Potential socio-economic impacts of an outbreak of foot-and-mouth disease in Australia
Publication date: 11 Oct 2013
Australia is free of Foot and Mouth Disease (FMD), a highly contagious disease affecting cloven-hoofed animals including cattle, sheep, goats, pigs, deer and camels. International experience shows an outbreak of FMD results in trade bans on livestock products to export destinations due to the risk of transmission of the disease to livestock. For large exporters, this results in product being diverted to the domestic markets, as the meat is safe for human consumption, reducing product prices.
This report shows an outbreak of FMD in Australia is expected to generate very large adverse economic impacts to both producers and other industries inside and beyond the outbreak area; with financial losses and eradication activities also having social impacts. The revenue losses to producers are larger than previously estimated by the Productivity Commission (2002). The higher figures in this study are a result of additional expected market access requirements from trading partners which in turn results in a longer expected time out of the market and a greater loss of market share.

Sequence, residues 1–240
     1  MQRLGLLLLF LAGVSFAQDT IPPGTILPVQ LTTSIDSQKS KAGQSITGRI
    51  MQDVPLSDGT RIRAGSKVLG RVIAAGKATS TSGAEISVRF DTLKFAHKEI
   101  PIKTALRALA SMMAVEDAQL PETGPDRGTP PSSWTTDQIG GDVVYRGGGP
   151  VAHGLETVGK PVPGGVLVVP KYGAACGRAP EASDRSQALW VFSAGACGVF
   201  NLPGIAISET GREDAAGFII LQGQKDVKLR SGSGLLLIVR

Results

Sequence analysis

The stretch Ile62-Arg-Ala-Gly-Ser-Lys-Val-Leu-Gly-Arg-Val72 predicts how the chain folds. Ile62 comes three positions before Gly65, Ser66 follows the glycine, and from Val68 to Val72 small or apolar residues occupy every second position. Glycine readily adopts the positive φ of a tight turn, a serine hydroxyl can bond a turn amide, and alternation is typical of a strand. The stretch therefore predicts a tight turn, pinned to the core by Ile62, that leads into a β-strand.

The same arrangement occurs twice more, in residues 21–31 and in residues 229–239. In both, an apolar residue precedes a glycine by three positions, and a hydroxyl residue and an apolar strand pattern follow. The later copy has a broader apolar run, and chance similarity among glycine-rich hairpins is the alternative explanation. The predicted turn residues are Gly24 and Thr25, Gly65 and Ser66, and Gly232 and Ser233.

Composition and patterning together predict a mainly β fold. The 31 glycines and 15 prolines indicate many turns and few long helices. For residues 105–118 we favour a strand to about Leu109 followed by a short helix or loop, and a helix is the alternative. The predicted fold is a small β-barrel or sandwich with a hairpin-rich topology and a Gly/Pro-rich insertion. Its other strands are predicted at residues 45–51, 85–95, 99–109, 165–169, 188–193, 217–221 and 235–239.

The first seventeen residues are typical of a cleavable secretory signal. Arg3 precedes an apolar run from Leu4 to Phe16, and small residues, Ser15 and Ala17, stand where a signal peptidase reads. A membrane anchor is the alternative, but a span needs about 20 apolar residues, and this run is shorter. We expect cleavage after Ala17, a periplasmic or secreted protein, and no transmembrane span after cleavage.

Findings suggest that these economic and social impacts can be reduced by the choice of eradication strategy - with results indicating that vaccination could play a beneficial role where spread is rapid in high density production areas. Impacts can also be reduced by resuming market access quickly where feasible, improving response preparedness (though surveillance, eradication arrangements and livestock tracing) and the use of communication and support before and during an outbreak.
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16 Aug 2010